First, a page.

Top 7 Critical Online Security Weaknesses You Can Prevent

2019-11-05 by Ellie Coverdale

The rate at which technology grows and changes is extraordinary in the modern era. If you blink, you’ll often miss important updates to the technological status quo. Whilst this has a good amount of advantages, like helping improve problem solving, speeding up the rate at which people can work and the flexibility that people can operate with, it has its downsides as well. One of the primary downsides to the rate of growth is that cybersecurity, and good cybersecurity practice, often has a very tough time keeping up. It’s important that individuals learn to take responsibility for the weaknesses in security, so let’s look at the top 7 most important ones to avoid.

1. Malware

You will likely have heard of malware. “Malware is the most common type of tool utilized for security breaches. It’s an easy one to remember: mal- (the common prefix used to denote bad or evil, but also short for malicious) and -ware, the suffix from the word software”, explains Carson Holding, data manager at Essay Roo and Paper Fellows. Malware is ‘malicious software’ designed to take control of your website. That control allows them to access customer information as well as change how the site looks or redirect customers elsewhere.

2. Utilizing Vulnerable Third-Party Elements

A website is comprised of many different components. Every element to your site needs to be signed off, on a security level, by the people who know. In general, we see a lot of problems arise when people bring in third party components to their website. Dragging in a bit of code that you uncovered from GitHub or that you saw elsewhere online opens up a vulnerability that could fairly easily be avoided.

3. SQL Injections

An SQL injection is where a harmful party uses an input field on your site to ‘inject’ malicious SQL statements or other piece of malicious code through vulnerabilities in your site elements, like a plugin for example. There is a bit of an epidemic of SQL injections which can be avoided through security checks and by keeping your site elements up to date at all times.

4. Password Hacks

This is an unsophisticated but highly effective method of attacking you. Shockingly, in spite of how frequently they’re relied upon in contemporary life, passwords and password understanding are woefully weak. “Passwords can honestly be guessed a lot of the time. That’s before you consider more sophisticated password hacks like ‘keylogging’”, warns Lulu Zhong, tech lead at Australian Help and State of Writing. Having strong passwords and changing them frequently is an excellent way to avoid this problem. Similarly, avoiding logging on too liberally on public computers and public networks will leave you less vulnerable.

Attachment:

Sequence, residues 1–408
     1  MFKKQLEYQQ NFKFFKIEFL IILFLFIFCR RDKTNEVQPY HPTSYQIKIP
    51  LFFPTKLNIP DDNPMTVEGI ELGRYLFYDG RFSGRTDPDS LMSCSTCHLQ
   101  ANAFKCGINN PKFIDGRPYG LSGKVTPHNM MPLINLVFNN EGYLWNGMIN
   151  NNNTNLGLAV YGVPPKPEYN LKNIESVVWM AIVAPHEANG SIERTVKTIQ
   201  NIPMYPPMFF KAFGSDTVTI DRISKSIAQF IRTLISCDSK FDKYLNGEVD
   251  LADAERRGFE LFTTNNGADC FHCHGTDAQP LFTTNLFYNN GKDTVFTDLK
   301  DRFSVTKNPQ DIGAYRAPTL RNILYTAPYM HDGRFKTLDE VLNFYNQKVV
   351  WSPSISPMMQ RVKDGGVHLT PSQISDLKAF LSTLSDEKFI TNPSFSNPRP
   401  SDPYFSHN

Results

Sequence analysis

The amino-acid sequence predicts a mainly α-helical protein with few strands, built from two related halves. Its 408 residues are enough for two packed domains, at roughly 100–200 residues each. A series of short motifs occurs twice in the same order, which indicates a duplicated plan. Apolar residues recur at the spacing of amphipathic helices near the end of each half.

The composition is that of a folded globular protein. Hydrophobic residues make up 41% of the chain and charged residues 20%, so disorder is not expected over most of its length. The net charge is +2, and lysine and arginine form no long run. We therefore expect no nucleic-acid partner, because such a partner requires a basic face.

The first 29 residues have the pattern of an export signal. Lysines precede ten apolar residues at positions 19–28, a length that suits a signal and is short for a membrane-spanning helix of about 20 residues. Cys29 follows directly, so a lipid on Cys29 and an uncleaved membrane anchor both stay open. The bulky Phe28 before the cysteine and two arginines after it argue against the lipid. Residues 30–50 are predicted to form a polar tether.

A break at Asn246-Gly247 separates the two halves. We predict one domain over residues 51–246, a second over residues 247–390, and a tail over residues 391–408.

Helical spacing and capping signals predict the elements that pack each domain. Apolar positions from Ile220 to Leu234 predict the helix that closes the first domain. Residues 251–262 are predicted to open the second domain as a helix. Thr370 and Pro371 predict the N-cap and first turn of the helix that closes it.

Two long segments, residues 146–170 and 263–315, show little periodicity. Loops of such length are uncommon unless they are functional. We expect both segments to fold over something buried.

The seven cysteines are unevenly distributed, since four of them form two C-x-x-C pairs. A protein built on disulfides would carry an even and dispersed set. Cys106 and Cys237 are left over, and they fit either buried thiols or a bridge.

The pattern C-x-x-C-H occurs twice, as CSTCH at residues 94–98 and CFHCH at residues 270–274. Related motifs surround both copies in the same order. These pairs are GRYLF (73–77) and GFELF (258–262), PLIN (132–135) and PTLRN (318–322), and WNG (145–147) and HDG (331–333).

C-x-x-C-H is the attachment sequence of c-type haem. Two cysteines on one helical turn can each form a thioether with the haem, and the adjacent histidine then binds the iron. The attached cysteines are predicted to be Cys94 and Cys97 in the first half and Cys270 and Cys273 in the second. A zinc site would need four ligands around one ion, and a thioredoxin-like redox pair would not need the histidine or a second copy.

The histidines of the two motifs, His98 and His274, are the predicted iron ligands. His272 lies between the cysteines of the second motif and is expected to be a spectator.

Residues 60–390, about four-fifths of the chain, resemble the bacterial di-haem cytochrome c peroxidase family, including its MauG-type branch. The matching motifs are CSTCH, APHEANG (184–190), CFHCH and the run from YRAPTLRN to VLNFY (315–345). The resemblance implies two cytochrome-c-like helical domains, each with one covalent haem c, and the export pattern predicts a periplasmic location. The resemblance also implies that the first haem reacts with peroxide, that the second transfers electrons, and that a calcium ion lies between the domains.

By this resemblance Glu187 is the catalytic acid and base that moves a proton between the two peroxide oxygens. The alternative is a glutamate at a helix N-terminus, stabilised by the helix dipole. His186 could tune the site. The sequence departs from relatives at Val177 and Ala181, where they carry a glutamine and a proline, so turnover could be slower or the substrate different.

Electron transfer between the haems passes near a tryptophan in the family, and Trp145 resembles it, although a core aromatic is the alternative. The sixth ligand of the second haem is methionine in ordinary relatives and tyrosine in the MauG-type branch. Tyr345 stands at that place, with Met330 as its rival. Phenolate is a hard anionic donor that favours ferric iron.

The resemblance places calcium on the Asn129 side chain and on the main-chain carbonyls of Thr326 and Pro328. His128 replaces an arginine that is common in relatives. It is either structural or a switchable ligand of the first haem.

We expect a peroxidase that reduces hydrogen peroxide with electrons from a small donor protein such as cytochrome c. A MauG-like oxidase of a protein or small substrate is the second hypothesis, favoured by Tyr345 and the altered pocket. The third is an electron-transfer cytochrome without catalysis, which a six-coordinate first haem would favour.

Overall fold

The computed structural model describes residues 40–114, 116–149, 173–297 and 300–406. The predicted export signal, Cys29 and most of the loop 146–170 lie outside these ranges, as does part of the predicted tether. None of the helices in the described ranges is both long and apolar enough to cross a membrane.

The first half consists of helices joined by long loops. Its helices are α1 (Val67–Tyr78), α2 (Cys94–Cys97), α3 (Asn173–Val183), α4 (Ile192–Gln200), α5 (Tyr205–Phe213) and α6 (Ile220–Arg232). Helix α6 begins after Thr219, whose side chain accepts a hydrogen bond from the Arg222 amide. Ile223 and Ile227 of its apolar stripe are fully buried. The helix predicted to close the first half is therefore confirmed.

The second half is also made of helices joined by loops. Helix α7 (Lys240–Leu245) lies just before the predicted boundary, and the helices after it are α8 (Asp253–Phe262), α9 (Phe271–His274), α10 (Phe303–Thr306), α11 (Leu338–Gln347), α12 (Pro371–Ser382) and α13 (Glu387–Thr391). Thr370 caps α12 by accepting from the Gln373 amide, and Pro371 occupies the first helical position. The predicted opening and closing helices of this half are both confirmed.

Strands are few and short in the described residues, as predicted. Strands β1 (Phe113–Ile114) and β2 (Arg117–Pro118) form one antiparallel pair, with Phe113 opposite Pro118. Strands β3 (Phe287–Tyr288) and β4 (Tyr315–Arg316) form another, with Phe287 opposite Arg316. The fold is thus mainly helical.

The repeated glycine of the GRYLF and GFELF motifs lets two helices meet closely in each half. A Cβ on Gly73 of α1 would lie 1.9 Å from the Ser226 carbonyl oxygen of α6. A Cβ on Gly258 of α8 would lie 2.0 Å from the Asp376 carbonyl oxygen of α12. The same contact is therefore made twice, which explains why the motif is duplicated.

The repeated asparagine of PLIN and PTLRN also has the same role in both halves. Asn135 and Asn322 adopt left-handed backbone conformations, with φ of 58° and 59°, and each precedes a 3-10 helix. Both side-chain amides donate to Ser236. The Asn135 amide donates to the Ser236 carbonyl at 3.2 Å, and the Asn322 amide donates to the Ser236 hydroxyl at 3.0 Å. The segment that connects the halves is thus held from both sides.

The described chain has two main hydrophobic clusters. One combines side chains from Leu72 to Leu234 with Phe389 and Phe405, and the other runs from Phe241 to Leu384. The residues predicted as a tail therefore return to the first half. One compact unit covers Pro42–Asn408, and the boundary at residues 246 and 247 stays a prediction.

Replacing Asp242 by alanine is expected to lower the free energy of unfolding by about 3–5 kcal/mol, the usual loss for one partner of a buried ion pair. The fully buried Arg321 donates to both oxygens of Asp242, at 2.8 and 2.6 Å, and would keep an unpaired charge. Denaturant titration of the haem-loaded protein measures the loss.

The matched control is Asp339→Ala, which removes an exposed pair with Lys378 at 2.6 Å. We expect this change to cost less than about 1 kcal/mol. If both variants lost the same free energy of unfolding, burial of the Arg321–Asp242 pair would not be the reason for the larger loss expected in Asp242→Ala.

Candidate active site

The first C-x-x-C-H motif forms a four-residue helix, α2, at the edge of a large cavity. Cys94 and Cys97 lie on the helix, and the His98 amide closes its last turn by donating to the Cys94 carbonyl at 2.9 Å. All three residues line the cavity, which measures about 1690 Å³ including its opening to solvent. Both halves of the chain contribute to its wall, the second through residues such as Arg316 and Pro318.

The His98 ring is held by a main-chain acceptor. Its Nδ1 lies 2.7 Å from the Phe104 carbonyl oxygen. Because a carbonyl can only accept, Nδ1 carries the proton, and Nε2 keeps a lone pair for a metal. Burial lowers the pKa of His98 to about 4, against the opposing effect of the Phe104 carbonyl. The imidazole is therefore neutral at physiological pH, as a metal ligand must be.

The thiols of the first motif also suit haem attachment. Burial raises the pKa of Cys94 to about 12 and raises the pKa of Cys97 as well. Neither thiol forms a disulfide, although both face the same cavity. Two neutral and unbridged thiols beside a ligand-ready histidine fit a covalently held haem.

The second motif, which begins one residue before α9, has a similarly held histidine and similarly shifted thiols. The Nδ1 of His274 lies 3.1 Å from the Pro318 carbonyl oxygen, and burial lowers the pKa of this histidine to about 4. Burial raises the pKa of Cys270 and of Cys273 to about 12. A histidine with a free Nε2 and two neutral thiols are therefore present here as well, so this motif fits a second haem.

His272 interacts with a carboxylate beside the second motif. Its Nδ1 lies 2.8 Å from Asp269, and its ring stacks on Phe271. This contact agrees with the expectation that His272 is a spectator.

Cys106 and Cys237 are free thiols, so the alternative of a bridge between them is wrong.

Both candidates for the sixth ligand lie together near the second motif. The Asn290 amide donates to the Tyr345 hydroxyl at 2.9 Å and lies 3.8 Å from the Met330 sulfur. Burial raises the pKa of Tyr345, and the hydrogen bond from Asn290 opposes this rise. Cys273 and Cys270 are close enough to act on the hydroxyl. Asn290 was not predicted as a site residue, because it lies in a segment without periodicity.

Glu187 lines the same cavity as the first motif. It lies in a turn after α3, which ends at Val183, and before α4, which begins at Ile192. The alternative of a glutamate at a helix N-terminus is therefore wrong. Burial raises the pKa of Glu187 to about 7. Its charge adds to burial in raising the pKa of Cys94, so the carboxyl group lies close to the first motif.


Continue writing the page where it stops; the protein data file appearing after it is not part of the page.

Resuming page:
5. DDoS Attacks

‘DDoS-ing’, as it sometimes colloquially referred to, is a classic method of violating site security. The method has a lot of history in video games, where players attempt to overload a server to cause their opponents’ games to crash. The same principle holds true here. DDoS stands for ‘Distributed Denial of Service’, and an attack is when a malicious party attempts to overwhelm a server by loading many requests at the same time. At first the server will load very slowly. Eventually, it will crash, taking the site offline. It’s becoming easier to do, so make sure you invest in adequate security to defend yourself.

6. Misconfiguring Your Security Settings

All sites have security settings. If you don’t pay attention closely enough to what you are doing as you compile your settings, you can leave weaknesses around your site. It’s a simple solution though: take your time and do the job properly.

7. Miseducation Or Lack Of Education

This is the number one security weakness, and it has to be stopped. The fact that you’re reading this article is a good start, but you need to continue your research to be safe. Don’t jeopardize your safety by not taking this stuff seriously enough!


Cybersecurity is being addressed more and more every day. This doesn’t mean that the average user isn’t far too ignorant. Hopefully this list will be a good launching off board for your further education in cybersecurity and how to prevent and identify weaknesses.

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Ellie Coverdale

Ellie Coverdale writes for Academized.com and Ukwritings.com on matters of software development and security. She loves sharing her insights and tips on authentic, meaningful business strategies and digital solutions for her readers. She also writes articles for Boomessays.com in her role as a tutor.

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